I think these are in pretty much chronological order. This is the very start of our hike. It gently slopes for.......not far......then the field just goes straight up. Honestly, that was the hardest part for me. Muscles not warmed up and no rocks and such for good footing and no winding, zig zag trails like most wooded mountain trails. Just straight up. I was gasping. And wondering how the heck Rich's dad did that last year at 78?????? I felt old and I am not even 50, yet. OK next month I am 50 and I should not feel like I could NEVER do this hike in 18 years, but that was how I felt. Old. Sigh. Did you read that right????? Rich's dad did this hike at 78 years old. I am IMPRESSED!!!!
We actually have hope that maybe they are not too old for such things. They totally loved it and while I don't think Colby can navigate a wooded mountain hike and Roscoe probably couldn't handle the up and down on the rock that wooded mountain hikes demand, they both handled Sugarloaf just fine. The open trails and soft open meadows were perfect!! We flushed a mother grouse and a bunch of her babies. I kept the dog's attention while Rich flushed them. Spur briefly noticed, but even the tiny babies took flight, so they were probably in the tree tops. Colby found lots of tiny grasshoppers to hunt. Probably what the grouses were eating. The wild flowers and butterflies were picturesque and absolutely stunning, even though my camera doesn't show that. The wild dianthus, yarrow, trillium were in full bloom. The Eastern Tiger Swallow tail butterflies were EVERYWHERE!! I could never get a good photo of one, though.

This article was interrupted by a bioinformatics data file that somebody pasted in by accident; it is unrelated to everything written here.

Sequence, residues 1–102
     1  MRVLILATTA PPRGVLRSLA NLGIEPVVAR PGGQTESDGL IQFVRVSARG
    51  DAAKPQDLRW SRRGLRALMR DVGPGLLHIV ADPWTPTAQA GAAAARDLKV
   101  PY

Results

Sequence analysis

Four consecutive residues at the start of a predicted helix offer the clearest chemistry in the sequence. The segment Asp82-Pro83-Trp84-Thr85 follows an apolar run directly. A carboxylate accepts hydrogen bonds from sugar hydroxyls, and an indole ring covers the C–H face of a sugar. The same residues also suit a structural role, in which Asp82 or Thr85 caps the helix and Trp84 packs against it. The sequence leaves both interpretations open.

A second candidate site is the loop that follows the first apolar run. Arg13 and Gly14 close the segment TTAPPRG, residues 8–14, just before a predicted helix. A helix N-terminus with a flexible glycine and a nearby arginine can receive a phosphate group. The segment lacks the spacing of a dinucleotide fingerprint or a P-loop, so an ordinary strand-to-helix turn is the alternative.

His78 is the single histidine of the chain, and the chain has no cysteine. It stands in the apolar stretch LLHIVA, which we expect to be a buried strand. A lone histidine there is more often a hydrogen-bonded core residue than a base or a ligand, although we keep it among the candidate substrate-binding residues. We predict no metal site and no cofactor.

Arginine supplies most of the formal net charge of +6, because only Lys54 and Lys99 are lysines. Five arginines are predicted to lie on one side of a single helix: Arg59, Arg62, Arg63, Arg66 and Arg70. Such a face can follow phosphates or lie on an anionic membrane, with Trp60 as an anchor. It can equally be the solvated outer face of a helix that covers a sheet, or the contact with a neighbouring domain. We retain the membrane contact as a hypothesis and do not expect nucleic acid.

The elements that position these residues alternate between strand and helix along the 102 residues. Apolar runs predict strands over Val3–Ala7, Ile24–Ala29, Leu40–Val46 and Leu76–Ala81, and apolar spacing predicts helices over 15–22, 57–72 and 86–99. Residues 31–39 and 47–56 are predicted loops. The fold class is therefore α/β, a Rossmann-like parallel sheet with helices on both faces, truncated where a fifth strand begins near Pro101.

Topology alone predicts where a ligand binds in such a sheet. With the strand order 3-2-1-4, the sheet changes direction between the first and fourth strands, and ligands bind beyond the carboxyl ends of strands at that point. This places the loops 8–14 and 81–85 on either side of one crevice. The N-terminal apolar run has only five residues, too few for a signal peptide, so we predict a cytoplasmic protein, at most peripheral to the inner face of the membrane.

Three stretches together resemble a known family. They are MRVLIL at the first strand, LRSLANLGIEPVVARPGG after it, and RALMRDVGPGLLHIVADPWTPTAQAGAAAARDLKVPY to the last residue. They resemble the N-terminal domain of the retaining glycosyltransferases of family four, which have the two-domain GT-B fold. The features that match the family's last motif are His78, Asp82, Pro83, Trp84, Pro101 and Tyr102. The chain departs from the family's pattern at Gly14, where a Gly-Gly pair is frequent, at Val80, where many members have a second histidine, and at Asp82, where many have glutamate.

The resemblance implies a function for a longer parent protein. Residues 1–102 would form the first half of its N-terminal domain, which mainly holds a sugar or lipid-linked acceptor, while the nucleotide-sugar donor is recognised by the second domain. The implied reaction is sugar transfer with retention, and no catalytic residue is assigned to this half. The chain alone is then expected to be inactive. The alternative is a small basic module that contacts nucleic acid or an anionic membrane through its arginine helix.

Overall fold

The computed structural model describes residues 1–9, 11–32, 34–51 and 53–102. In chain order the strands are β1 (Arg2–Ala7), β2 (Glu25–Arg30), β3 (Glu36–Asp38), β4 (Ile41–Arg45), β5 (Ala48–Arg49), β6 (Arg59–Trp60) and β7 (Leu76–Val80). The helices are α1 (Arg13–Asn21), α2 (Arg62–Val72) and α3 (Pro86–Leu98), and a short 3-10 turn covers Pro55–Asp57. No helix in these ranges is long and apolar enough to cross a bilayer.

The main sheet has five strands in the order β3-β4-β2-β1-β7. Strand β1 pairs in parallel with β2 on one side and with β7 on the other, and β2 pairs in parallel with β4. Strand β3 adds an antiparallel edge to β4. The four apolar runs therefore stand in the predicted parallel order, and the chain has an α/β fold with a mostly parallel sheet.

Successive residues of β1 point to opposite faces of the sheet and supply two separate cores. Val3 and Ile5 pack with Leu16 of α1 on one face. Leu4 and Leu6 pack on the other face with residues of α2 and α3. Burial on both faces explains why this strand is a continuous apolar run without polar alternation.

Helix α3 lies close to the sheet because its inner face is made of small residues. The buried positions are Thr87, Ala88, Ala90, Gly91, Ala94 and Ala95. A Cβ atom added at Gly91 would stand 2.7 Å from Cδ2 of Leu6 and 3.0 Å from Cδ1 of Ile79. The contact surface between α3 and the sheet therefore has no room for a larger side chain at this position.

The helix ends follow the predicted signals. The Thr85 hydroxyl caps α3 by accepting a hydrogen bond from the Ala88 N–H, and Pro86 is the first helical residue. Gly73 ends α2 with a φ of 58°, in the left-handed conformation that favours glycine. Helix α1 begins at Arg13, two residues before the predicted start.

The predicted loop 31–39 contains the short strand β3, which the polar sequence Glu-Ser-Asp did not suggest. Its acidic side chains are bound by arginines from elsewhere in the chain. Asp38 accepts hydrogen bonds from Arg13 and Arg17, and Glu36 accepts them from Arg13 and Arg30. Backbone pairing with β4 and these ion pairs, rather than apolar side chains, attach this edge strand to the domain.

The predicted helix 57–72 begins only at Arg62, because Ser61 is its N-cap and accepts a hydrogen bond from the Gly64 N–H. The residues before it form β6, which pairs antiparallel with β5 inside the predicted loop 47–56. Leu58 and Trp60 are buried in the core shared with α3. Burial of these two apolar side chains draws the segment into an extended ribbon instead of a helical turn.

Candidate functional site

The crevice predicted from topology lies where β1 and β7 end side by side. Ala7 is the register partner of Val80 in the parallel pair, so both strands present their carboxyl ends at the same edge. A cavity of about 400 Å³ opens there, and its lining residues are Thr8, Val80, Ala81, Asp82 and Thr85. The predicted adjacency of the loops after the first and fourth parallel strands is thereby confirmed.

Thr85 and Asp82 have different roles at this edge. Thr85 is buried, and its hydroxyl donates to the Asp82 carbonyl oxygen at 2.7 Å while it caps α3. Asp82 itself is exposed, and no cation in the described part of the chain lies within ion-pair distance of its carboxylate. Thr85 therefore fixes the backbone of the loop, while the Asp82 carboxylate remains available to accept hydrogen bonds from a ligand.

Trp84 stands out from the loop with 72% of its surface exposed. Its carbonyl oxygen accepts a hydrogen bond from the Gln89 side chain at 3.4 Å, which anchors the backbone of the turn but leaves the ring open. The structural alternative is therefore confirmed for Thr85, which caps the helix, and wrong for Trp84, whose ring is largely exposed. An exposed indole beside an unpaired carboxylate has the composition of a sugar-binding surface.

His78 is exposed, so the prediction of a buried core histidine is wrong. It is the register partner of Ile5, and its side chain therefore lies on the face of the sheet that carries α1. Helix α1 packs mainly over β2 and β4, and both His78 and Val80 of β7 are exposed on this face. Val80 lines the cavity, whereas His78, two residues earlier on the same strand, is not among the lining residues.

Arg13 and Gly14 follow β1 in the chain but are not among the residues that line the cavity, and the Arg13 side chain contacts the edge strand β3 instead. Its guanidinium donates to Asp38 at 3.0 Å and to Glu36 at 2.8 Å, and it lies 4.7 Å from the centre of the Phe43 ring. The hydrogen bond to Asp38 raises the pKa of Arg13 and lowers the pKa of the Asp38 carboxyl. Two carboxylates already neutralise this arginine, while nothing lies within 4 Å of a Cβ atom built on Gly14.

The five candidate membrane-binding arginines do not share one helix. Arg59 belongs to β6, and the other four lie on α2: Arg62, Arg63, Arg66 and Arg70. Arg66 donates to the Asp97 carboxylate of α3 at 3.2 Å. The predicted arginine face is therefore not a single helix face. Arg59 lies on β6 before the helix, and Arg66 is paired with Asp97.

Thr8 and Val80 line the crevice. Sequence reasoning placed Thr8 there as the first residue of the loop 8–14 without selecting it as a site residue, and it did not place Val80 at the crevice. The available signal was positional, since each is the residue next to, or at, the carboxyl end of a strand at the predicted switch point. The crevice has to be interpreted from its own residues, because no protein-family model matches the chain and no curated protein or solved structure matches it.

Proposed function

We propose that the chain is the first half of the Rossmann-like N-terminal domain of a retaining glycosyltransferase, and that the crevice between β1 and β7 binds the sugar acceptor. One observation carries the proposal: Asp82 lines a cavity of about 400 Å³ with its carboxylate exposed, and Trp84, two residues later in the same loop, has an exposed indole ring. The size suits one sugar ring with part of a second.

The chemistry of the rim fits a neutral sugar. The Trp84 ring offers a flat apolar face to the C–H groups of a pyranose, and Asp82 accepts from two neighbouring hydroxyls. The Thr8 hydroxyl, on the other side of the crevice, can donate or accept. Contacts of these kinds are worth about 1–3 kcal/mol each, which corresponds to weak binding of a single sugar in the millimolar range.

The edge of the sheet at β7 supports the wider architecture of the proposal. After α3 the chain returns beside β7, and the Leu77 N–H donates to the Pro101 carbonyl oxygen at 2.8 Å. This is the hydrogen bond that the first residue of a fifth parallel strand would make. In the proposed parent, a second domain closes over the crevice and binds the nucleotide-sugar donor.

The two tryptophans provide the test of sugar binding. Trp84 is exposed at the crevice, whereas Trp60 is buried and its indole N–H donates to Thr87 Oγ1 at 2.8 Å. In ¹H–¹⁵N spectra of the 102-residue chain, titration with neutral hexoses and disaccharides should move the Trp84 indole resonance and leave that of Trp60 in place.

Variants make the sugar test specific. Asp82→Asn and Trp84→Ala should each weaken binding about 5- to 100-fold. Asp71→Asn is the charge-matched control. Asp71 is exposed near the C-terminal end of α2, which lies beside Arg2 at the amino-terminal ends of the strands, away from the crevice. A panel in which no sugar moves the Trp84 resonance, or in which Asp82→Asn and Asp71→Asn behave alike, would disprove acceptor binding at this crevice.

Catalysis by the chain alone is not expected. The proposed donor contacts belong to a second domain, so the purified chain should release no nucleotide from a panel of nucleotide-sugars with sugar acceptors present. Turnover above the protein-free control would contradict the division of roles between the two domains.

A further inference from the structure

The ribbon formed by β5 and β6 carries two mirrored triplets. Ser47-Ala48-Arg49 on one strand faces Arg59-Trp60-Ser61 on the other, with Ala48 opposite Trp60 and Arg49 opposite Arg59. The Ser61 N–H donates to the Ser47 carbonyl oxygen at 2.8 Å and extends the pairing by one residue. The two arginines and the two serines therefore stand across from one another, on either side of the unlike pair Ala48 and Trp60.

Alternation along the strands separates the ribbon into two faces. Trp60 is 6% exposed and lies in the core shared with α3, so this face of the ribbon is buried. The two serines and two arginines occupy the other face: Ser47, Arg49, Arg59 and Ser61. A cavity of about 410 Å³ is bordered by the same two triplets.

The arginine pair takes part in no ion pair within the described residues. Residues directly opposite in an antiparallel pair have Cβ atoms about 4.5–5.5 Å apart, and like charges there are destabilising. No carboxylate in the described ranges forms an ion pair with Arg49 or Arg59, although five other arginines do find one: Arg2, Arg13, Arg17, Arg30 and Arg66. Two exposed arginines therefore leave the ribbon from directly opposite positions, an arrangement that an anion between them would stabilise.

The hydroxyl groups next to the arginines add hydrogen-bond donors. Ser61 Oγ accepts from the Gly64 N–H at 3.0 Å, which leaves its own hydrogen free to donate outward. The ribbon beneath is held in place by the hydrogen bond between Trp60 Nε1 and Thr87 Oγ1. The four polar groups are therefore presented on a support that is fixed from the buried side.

We met a breed of dog at the top that I was unfamiliar with. Two Boykin spaniels. They looked like Irish water spaniels, but they had docked tails. I asked if they were related to the Irish spaniels and they said....."No, they are from South Carolina". HUH? An American breed? Yep, I looked them up. A working, hunting spaniel bred to work the waters and marshes of South Carolina. Pretty chocolate, wavy coated spaniels.